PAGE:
**Note:** To learn more about Nginx, please refer to [How to Configure Nginx Web Server on a VPS](

### Downloading And Installing Capistrano

Once we have our system ready, getting Capistrano’s latest version, thanks to RubyGems is a breeze.

You can simply use the following to get Capistrano version 3:

gem install capistrano

### Creating A System User For Deployment

In this step, we are going to create a CentOS system user to perform the actions of deployment. This is going to be the user for Capistrano to use.

**Note:** To keep things basic, we are going to create a `deployer` user with necessary privileges. For a more complete set up, consider using the *groups* example from the Capistrano introduction tutorial.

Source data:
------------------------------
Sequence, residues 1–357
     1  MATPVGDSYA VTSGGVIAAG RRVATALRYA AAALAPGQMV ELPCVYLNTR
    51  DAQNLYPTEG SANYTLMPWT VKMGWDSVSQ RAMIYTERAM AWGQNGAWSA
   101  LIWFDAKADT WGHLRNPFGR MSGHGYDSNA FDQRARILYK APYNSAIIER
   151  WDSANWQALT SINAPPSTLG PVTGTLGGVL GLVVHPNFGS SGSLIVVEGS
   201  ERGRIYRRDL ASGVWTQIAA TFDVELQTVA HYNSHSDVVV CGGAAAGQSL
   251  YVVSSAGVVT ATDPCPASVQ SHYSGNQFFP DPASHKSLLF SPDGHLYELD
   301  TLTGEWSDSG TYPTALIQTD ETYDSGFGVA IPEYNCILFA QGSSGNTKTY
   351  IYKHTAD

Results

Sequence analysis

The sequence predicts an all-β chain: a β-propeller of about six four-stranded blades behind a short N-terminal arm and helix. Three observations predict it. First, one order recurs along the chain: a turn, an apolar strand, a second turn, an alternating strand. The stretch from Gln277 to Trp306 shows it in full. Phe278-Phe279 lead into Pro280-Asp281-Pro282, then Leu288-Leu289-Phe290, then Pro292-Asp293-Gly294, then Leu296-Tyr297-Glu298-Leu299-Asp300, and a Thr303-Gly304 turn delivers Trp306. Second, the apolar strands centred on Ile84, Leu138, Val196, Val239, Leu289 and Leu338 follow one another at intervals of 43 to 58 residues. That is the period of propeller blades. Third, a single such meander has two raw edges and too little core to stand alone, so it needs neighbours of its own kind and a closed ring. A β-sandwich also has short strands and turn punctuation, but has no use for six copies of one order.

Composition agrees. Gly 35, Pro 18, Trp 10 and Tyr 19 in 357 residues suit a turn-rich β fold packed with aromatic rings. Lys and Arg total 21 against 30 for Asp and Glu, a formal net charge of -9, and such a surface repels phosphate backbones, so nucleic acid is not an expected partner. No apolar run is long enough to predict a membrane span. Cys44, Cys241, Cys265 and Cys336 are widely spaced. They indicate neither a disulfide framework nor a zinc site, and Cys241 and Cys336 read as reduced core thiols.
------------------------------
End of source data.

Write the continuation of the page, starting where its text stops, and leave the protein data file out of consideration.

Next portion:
Create a new system user `deployer`:

adduser deployer

Set up `deployer`’s password:

passwd deployer

# Enter a password
# Confirm the password

Edit `/etc/sudoers` using the text editor `nano`:

nano /etc/sudoers

Scroll down the file and find where `root` is defined:


## The COMMANDS section may have other options added to it.
## Allow root to run any commands anywhere
root ALL=(ALL) ALL


Append the following right after `root ALL=(ALL) ALL`:

deployer ALL=(ALL) ALL

This section of the `/etc/sudoers` file should now look like this:


## The COMMANDS section may have other options added to it.
## Allow root to run any commands anywhere
root ALL=(ALL) ALL
deployer ALL=(ALL) ALL


Press CTRL+X and confirm with Y to save and exit.

## Preparing Rails Applications For Git-Based Capistrano Deployment

Once we have our system ready, with all the necessary applications set up and working correctly, we can move on to creating an exemplary Rails application to use as a sample.